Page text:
Ireland is full of fine musicians who, unlike prophets, are honoured in their own country but not so much elsewhere. Stevie Dunne is one such. With two studio albums and an American Irish Music Award to his credit he chose a rather more low-key venue to record his third. The Crosskeys Inn is located half an hour from Belfast and is a place where Stevie has played his banjo and guitar for many years. Accompanying him on this session are Brian McGrath, Cyril O’Donoghue, Gerdy Thompson and John Joe Kelly, whose driving bodhran playing holds the whole thing together.
As he launched into ‘Jim Donoghues’ I thought the sound was disappointingly thin but I’m prepared to accept that the sound man, Cormac O Kane, was still twiddling his knobs at that point. He certainly was unable to edit out the small children during the beautiful and quiet ‘Sally Gardens’. Actually Stevie makes about point of that as they are his sons and he wanted them there and, presumably, heard. After a few bars things improved immensely and the musicians got into their stride. That said, this is very much Stevie’s album and the accompanists show great restraint doing just what is required to support his playing.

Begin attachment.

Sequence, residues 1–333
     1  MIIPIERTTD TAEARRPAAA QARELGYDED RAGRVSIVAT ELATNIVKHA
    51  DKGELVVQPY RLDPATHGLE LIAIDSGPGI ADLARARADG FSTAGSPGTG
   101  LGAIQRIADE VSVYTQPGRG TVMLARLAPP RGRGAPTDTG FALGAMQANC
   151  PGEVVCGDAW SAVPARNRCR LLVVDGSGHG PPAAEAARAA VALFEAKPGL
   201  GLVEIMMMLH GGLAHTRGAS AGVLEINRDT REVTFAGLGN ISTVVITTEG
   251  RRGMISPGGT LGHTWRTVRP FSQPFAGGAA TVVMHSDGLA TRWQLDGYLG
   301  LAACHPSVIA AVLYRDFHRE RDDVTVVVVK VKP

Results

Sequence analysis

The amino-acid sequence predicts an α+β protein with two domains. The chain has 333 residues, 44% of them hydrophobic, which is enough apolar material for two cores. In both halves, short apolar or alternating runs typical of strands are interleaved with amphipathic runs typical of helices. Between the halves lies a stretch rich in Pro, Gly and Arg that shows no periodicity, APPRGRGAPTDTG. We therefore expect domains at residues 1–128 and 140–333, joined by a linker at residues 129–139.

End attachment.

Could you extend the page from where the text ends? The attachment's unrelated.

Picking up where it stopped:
Some of the tunes are Stevie’s own but the majority are traditional as in ‘I got it from the playing of so-and-so’. Of course, so-and-so probably got it from such-and-such who presumably learned it from someone else. That’s how it is with Irish music in particular – the tunes are there and musicians like Stevie keep playing them. By the time the band hit the railroad rhythm of ‘The Dog Among The Bushes/The Wisemaid’ I was convinced. This is real music played in a thatched pub in front of an appreciative audience – what more do you need?
‘The Dog Among The Bushes/The Wisemaid’ – live on TV: